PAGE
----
Michael Fishman


Supported by Greenhaven Road Capital, finding value off the beaten path.

Michael Fishman is the Assistant GM of the New York Yankees. Fishman majored in Math at Yale, computed insurance risks as an actuary, and won a surfing fantasy sports competition. On the Wharton Moneyball podcast, Fishman said that he wanted to bring an actuary mindset to a basebal field.

“The change I wanted to make was taking the subject matter from insurance to baseball. How could I take what I was good at, math, and combine it with my passion, baseball.”

Like Ted Sarandos, who saw Marvel’s big screen success and tried it at Netflix or Sam Walton who saw what the retailer across the street did, Fishman took something that worked over there and tried it over here. Even David Letterman’s Top Ten list bit came from someplace else.

But new ideas expire and innovation becomes commonplace. Edges erode, and that’s happened quickly in baseball.

“Moneyball, which came out in 2003 was a big factor. Teams started realizing other teams were doing things they weren’t doing and there was a need to incorporate statistical analysis within teams.”

The problem is one that Rishi Ganti talked about with Patrick O’Shaughnessy. Once there is a market – more than one buyer – there are market prices. Billie Beane’s Oakland teams purchased value because they were the only buyer.

David Heinemeier Hansson said that he looks for companies that, “rarely get any PR at all. Most companies that run like us are smart, they duck, they don’t talk about how much money they make. They don’t want to attract any attention.”

The Yankees get a lot of attention, and it’s not as odd as it sounds that they should adopt a Moneyball mindset.

“There are inefficiencies at all levels to take advantage. In a smaller market it’s trying to find cheaper players who are under valued. But those same things still apply to a bigger market club as well. More cheap talent you can get into your system allows you more payroll flexibility.”

In Astroball that payroll flexibility was in the draft. Edges change but the availability of them does not. Baseball players may be on the warning track in front of  Gould’s Right Wall. Maybe the next edge isn’t on the field, it’s off.  “People off the field can have a legitimate impact on the field,” said former Yankees third baseman Chase Headley said.

If that is the next edge, all the stakeholders have to buy-in. Fishman said, “I’m fortunate to be in a situation where analytics is a big part of what we do, and with the belief of all the key people in the organization.” Top-down support and a decentralized command helps. For Brian Koppelman it’s writing the words but letting the actors “make it additive.” Warriors GM Kirk Lacob said, “I always thought our secret sauce was that we have great people and turn them loose and let them do what they’re best at.”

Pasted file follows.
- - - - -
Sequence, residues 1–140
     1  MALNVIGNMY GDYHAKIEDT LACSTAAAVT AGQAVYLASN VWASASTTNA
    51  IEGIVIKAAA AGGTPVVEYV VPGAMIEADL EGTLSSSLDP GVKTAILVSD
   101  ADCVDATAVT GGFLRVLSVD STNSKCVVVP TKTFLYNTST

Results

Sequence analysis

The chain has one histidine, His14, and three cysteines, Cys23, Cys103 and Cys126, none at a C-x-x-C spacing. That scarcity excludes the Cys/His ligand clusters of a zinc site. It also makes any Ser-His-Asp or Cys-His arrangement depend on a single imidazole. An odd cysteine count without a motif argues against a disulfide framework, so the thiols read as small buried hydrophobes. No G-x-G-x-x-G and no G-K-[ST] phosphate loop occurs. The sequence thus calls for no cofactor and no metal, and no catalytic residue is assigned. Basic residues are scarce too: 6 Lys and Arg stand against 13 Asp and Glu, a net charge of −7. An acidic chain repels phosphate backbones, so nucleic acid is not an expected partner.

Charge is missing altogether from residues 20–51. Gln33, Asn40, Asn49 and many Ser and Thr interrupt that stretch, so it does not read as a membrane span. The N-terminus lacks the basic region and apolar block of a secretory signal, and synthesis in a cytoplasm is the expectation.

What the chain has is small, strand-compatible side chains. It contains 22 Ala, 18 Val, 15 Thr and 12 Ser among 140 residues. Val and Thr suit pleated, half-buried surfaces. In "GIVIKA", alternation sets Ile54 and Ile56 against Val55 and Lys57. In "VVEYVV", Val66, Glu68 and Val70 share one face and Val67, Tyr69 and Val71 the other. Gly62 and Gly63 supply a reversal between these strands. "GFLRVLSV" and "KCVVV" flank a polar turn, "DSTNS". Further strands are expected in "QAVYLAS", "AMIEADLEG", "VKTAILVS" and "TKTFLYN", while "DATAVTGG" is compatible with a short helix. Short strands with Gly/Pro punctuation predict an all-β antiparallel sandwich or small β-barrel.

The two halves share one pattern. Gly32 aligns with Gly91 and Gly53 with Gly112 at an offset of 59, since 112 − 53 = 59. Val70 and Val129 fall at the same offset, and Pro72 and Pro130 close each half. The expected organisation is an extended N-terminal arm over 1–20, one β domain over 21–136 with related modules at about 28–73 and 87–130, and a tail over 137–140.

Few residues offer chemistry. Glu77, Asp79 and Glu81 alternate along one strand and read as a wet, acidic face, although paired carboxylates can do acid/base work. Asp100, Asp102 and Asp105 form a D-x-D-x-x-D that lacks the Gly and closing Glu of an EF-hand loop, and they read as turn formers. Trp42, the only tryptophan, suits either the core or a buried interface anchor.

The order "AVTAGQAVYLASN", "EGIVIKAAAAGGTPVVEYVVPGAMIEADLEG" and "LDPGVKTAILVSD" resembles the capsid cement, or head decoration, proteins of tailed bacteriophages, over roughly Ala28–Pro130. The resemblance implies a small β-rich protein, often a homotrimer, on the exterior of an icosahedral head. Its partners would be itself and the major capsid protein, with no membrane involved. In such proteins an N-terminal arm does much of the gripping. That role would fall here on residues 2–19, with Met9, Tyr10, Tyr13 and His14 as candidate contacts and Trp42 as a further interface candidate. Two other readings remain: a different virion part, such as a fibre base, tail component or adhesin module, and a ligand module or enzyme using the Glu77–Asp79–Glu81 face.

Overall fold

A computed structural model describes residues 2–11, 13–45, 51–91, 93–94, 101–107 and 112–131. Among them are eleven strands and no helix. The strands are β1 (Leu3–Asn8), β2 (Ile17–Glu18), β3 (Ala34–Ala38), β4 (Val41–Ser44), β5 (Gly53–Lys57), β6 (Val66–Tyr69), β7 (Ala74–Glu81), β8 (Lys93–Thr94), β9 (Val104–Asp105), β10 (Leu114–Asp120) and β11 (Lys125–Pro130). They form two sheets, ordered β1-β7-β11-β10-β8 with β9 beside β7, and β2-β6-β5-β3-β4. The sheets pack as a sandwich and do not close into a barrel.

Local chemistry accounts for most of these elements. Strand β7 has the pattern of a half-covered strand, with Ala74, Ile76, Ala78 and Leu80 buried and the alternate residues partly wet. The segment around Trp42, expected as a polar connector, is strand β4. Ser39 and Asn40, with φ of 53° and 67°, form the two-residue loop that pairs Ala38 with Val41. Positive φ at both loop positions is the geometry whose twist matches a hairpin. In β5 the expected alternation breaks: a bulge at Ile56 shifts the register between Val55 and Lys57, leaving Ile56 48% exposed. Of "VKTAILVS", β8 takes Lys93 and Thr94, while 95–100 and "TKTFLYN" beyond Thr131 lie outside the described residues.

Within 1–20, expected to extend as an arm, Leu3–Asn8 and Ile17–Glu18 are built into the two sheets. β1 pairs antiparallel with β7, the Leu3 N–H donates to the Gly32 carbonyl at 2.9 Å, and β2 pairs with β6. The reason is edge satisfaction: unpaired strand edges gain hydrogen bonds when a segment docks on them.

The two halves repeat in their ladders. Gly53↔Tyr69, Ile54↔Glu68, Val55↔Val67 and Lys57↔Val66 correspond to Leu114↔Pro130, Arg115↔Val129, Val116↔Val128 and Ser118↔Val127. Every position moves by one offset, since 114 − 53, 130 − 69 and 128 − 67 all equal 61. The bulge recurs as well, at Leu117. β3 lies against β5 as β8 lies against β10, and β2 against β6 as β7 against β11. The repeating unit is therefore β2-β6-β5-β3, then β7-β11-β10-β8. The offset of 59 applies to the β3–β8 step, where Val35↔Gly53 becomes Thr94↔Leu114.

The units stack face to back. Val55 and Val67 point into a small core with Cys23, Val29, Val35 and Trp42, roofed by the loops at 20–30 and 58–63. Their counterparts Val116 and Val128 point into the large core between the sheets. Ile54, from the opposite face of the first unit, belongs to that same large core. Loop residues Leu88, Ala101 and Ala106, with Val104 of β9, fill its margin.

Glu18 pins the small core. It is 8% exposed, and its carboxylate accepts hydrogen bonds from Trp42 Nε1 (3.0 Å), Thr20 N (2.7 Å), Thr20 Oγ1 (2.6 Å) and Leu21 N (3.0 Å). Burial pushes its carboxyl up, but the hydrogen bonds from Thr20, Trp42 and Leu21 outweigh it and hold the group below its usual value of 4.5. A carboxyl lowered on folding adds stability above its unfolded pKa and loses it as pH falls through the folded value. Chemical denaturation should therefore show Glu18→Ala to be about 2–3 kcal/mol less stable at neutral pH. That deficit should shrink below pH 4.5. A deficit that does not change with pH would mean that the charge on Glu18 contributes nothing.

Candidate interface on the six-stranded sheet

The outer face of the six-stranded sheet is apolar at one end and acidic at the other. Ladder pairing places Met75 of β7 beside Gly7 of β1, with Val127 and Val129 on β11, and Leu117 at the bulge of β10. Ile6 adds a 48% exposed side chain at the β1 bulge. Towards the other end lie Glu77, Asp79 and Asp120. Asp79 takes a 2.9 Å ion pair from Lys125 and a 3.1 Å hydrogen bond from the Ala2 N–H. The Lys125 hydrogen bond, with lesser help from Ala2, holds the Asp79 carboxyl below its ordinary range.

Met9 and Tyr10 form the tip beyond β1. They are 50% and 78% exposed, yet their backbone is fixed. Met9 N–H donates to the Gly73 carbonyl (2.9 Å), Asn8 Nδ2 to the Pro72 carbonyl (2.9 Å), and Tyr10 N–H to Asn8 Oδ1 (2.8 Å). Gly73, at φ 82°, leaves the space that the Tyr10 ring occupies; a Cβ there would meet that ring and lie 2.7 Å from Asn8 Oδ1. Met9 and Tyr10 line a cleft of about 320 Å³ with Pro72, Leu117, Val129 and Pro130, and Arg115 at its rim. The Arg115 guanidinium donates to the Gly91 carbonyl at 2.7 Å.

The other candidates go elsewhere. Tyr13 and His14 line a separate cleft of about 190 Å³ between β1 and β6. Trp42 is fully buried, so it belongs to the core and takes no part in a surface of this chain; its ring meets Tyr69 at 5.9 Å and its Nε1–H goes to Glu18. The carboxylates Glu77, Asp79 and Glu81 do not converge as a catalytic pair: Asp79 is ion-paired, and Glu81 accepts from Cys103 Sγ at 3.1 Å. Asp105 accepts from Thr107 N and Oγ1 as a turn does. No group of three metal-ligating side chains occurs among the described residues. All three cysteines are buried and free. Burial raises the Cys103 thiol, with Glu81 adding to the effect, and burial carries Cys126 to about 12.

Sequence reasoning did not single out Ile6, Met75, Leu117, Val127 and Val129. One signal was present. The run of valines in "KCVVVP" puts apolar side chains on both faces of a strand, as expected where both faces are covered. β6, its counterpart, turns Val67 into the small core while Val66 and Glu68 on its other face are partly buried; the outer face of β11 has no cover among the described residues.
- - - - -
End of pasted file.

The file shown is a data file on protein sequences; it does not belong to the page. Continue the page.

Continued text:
These kind of environments are built on good communication. Headley  said, “It’s a different dynamic being told by somebody who hadn’t played the game before where you need to stand.” Convincing players is a challenge the Astros, Pirates, Athletics, and Yankees have all dealt with.

There’s a salience to the vivid. Fishman said, “You take an example from defensive shifts where some teams started experimenting with it and there was some pushback every time you see a ball get through where a fielder would have been in a normal defense.” Each of the books; Moneyball, Astroball, Big Data Baseball, chronicles the conversations. Often there’s one player whose career gets a boost from the new approach and the other players are slowly convinced.

Fishman and his fellow GMs realize that analytics isn’t a silver bullet.

“Looking through the two lenses (scouting and stats) you want to have many different opinions about a player and try to see if something is being missed.”

They know to be suspicious of simple storiesDan Carlin said, “Any time I hear an argument that’s black and white I can almost automatically assume that it’s wrong. Sometimes reality is black and white but that happens so rarely. The majority of the time it’s complex.”


Thanks for reading.

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